Wednesday, July 17, 2019

Obstructed View Seats: Advice For Your Next Billy Joel Concert

Last Thursday night, my husband and I saw Billy Joel in concert at Madison Square Garden in New York. Uncharacteristically, the show featured no “special guests,” unless you count a conspicuous couple in attendance: Bill and Hillary Clinton.

I guess we've watched too many hockey games, because when the pre-show crowd jumped up and focused their cell phone cameras in a single direction, our first thought was that a fight had broken out on the floor.

Given the median age at these shows, that would have been something to see.

Instead, there they were, the former POTUS and his wife, beaming and waving as they made their way to their good-but-not-too-good seats, about eight rows back from the stage. It was pretty heady stuff seeing them up-close and personal(-ish), but except for the times Mark nudged me to check out Hillary’s dance moves, I largely forgot they were in the building once the lights dimmed.

Clintons in the house!

That is, until Billy dedicated “River of Dreams” to them about halfway through his set-list. A cameraman focused in on Bill (inexplicably overdressed in a full suit and tie) and Hillary (who Literally.Never.Stopped.Swaying). Their image was plastered on the Garden jumbotron, and despite right-wing media reports, Mark and I agree the raucous response was probably equal parts cheers and jeers.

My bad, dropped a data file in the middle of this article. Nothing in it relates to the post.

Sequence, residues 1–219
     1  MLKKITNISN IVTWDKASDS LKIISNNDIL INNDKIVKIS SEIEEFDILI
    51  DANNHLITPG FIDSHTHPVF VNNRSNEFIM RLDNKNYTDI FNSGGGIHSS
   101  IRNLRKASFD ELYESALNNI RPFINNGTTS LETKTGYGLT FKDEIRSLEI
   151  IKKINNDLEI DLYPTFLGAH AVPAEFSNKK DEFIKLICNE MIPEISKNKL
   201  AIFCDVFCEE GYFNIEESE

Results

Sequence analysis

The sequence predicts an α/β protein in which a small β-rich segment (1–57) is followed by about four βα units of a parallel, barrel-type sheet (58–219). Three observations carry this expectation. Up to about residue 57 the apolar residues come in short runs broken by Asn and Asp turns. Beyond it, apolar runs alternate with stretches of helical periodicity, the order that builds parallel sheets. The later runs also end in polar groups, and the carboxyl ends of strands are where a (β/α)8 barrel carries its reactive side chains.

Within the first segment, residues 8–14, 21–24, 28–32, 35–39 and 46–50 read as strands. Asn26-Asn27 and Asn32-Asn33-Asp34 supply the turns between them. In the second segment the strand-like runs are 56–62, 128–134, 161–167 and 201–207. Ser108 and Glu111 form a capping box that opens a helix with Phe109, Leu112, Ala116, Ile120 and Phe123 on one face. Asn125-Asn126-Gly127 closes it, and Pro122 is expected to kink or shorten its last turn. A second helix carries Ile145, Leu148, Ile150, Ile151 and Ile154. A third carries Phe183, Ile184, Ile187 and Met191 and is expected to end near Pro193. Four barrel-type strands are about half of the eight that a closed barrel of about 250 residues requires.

It was a great show.

Fast forward to the following morning, when I opened Facebook to discover a backstage photo of Billy and Bill-and-Hillary and a handful of other concert VIPs. A conservative fan vowed never to listen to him again. A liberal called her a snowflake. Then the floodgates opened.

“You f—king dumb c-nt…” “You piece of trash human being…” “Child rapist despicable piece of sh-t.”

2.3k ignorant and hateful comments from fans on both sides of the aisle. Over a freaking photograph.  Things got so vicious and ugly--so quickly--it made my heart knock and my hands shake (the same cowardly "flight" response I've always had around escalating confrontation).  I kept scrolling through the posts in spite of myself.  I kept hoping a reasonable human being would suggest everyone cool it off.  Someone finally did.  He was gutted mercilessly.

Ignorance and hatred.  It made me think how often the two go hand in hand.

And it made me think of my seats on Thursday night. 

You see, I’ve been to a few Billy Joel concerts.

(Ok, more than “a few.”)

Stalking a celebrity can get expensive, so I usually settle for “obstructed view” seats. Here’s how Ticketmaster defines them:

You’ll be unable to see the entire stage from these seats. You’ll have either an incomplete view because of the position of the seats, or something will be in your line of sight—like a pole, speakers, or the sound board. 

For many fans an obstructed view is not a problem, and the tickets are clearly labeled at the time of purchase. 

That’s some deep philosophical shit, people. Buddha himself couldn’t sum up the human experience quite like the good people at Ticketmaster.  Consider:

“You’ll be unable to see the entire stage from these seats.”

A wise man (my other favorite William) once said, “All the world’s a stage.” It’s not a perfect analogy (he considers only the actors and ignores the audience), but let’s extend the metaphor. If all the world’s a stage…where are your seats? Rich or poor, gay or straight, liberal or conservative…wherever you sit, you’ve got a limited world-view.